A few weeks ago, my son in law lent me The Heart’s Invisible Furies by John Boyne. He said it had had a profound effect on him. After I had read it I could see why. My son in law was adopted in England in the 1970s. His mother was an Irish girl who came to England to give birth and have her baby adopted. This was to avoid the shame it would bring on her family back home in Catholic southern Ireland. He has never met his birth mother.
John Boyne grew up in Dublin during the 70s and 80s. He has been asked many times why his novels are not set in Ireland. Originally he said he would write a book when he had a story to tell. Well he did have a story to tell but it has only been in the past few years that he has been recalling events he would rather forget.
He was brought up in a strong Catholic household where the Church meant everything. Boyne was subject to horrific abuse by the Catholic priests he was an altar boy for. He was fed stories of terrifying punishments, both here in this world and then in the world to come, if he told anyone of the abuse. He was beaten with a heavy weighted stick and sexually abused. Lay teachers would collude too. They knew full well what was going on.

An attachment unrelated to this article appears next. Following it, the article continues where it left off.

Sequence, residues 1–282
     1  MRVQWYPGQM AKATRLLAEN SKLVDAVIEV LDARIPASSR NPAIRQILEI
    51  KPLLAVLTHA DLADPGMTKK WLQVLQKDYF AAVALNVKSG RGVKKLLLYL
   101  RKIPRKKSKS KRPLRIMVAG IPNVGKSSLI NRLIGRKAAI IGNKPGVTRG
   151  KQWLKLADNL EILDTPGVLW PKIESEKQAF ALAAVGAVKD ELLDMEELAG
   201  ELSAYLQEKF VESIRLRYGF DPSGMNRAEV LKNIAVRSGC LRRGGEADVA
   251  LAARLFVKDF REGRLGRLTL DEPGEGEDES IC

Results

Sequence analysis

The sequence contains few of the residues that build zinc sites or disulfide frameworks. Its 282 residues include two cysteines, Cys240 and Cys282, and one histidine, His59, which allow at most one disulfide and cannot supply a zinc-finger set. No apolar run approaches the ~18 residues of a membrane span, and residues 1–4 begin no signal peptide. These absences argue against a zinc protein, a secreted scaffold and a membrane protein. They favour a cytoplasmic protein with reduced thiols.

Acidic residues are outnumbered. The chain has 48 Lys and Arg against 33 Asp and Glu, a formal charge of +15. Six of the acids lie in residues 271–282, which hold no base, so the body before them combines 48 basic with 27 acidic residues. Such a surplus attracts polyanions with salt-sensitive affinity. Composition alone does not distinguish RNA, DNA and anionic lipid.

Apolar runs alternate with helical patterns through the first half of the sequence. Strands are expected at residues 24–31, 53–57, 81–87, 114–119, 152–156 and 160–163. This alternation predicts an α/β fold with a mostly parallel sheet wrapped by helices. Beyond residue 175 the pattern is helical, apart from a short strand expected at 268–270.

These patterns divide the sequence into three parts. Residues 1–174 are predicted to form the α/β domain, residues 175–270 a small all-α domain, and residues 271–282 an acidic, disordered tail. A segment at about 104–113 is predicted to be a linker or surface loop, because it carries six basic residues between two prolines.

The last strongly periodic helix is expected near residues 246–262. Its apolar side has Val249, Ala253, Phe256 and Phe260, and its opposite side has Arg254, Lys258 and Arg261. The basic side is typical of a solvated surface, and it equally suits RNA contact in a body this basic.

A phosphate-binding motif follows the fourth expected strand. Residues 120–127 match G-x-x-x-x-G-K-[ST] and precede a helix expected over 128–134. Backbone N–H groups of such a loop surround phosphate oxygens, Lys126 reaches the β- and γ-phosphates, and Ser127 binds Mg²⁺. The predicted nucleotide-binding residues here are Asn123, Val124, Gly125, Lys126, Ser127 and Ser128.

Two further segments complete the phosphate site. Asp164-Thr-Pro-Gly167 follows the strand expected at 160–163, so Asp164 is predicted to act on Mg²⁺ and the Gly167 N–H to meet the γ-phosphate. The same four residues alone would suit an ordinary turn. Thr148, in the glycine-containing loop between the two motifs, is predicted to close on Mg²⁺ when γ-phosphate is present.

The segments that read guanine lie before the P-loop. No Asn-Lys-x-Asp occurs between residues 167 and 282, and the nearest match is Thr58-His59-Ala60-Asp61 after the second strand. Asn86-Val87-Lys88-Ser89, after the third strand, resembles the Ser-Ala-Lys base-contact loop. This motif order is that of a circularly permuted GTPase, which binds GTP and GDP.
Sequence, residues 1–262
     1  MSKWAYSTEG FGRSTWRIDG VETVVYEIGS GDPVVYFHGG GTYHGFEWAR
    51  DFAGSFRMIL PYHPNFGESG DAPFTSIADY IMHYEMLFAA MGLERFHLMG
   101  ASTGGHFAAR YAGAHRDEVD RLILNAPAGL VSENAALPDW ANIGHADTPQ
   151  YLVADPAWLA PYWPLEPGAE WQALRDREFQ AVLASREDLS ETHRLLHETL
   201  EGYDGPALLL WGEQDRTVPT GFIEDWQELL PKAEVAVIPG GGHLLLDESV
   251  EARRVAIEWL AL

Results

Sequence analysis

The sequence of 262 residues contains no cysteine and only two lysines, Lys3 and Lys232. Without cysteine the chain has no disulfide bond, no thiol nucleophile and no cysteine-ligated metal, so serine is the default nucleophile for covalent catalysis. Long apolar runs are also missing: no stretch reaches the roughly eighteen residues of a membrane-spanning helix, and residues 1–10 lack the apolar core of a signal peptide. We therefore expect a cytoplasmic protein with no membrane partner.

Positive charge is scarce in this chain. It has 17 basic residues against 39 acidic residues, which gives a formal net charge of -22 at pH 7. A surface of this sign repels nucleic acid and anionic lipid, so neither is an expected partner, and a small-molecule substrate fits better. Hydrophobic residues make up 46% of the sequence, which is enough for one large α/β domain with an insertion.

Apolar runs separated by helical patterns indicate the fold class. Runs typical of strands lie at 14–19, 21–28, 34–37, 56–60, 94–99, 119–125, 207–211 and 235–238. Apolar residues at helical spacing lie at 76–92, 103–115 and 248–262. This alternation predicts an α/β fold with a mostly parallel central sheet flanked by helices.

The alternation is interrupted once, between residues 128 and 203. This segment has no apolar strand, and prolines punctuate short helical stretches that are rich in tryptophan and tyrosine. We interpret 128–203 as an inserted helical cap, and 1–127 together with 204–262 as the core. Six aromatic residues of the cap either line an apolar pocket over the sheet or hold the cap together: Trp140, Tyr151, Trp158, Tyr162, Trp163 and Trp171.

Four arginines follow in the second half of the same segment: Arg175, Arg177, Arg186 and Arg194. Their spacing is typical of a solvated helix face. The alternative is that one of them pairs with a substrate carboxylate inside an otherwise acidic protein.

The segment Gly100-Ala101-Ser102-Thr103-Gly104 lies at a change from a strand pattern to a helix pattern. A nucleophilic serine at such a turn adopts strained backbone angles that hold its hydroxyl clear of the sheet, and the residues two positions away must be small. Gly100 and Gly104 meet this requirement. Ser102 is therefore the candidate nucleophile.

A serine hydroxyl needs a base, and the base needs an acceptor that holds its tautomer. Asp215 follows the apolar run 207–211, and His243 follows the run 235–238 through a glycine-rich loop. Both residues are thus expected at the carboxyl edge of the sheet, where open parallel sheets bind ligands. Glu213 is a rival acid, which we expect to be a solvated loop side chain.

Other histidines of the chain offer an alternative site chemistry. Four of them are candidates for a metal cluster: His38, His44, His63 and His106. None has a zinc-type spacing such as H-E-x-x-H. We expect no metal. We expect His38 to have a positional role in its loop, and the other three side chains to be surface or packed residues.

When he was 13 he realised he was gay. He was told he was sick and needed electric shock treatment. This upbringing has since blighted most of his adult relationships and led to repeated bouts of depression.
It is against this backdrop that John Boyne has written The Heart’s Invisible Furies.
The story’s main character is Cyril Avery. His sixteen-year-old Mother Catherine Goggin was chucked out of her church and village. She was humiliated publicly by a sadistic priest and after great hardship Catherine takes the heart-breaking decision to have Cyril adopted.
He is adopted into the Avery family. The family always insisted he was not a true Avery and he was to think of his upbringing as a “tenancy” which lasts for 18 years. This concept took Cyril years to overcome.
In 1952 Cyril is 7 yrs old and “Even at that tender age I knew there was something about me that was different and that would be impossible to put right.” His sexuality leads him into a life of fear, secrecy, shame and guilt. These feelings lead him into many disastrous and destructive relationships. He marries for social acceptance but that does not last. He has a close relationship with a childhood friend and a very close and finally loving relationship with a Dutch doctor.
Boyne argues passionately that self-transformation is not only possible but it is essential.
It is a compelling novel of post war Ireland ending in the present day with the knowledge that Ireland voted for Gay Marriage in a referendum. Of course, there are still those who carry on the old Catholic beliefs.
This is a novel that contains all emotions and it is not without its comic side and I thoroughly enjoyed it.
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